Duel (Steven Spielberg / U.S., 1971):

All of Steven Spielberg's early apprenticeship on the small screen funneled into ninety minutes of concentrated visual dynamicism. The greatest of all TV movies, or merely the one that best understands cinema? In either case, the image is lapidated in terms of movement from the start, camera mounted on a bumper and zipped from the suburban garage to the No Man's Land of arid highways. The POV is the car's, a Valiant Plymouth piloted by Dennis Weaver, a henpecked businessman and the director's trademark protagonist, white, middle-class, and about to find out just how fragile a veil keeps civilization from flying off the handle. Evil here is a bestial ten-wheeler, covered in grease and dust and pollution, headlights reflected like evil eyes as the behemoth bears down, inexplicably, on the hapless hero. The radio chatter of the opening gives way to anguished mental monologue at a roadside restaurant, following a close-shave whiplash -- the splendid handheld long take follows him into the bathroom, relived that the terror is over, only to go back out and find the truck parked outside, Weaver "right back in the jungle," still. The human culprit, as befits the Kafka-Borges intimations of Richard Matheson's teleplay, gets distilled to pointy cowboy boots and a hairy arm waving Weaver onto traffic, but the main menace is the malefic machine he drives, blaring horns and "inflammable" printed on its back, predator-prototype for shark and dinosaur. Action is limited for the pas de deux, and a challenge trumped by the ingenious upstart -- rearview mirrors and windshields become parts of the mise en scène, the canvas of yellow dust, blue skies, pavement and phone posts surveyed from a stupefying variety of angles. Weaver calls home from a gas station early on so a laundromat door in the foreground can add to the already deep-focus composition, while the truck pushing the car onto the path of an incoming train is storyboarded montage a la Hitchcock -- and like Hitchcock, young Spielberg envisions a world of dread, the villain's demise cathartic and desolating.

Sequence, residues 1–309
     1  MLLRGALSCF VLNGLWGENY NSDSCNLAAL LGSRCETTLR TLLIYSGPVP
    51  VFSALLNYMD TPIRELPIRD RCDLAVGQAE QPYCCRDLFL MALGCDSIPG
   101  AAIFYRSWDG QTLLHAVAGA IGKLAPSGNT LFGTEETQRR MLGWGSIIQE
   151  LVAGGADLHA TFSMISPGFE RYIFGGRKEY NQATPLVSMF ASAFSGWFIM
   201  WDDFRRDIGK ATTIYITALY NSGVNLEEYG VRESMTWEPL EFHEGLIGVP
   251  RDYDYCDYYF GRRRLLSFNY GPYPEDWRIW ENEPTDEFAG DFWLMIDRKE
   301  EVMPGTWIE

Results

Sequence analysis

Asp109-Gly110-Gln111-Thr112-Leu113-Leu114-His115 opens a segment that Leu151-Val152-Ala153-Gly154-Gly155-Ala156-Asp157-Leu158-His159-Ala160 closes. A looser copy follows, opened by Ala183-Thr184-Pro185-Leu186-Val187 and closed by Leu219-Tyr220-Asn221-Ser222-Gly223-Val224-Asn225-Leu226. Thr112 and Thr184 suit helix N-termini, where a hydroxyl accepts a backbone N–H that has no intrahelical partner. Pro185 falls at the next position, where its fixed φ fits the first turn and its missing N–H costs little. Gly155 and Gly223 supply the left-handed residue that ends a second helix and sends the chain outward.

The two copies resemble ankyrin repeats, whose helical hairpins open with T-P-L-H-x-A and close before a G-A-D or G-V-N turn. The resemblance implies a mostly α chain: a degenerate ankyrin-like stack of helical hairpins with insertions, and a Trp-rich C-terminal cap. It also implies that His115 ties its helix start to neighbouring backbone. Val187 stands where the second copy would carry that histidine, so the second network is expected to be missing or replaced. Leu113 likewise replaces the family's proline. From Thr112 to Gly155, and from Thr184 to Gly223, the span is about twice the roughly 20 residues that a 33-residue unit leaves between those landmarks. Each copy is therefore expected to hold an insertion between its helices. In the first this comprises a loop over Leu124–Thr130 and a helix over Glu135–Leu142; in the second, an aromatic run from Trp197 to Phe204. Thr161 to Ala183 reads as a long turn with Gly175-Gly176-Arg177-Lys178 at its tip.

--- Fernando F. Croce

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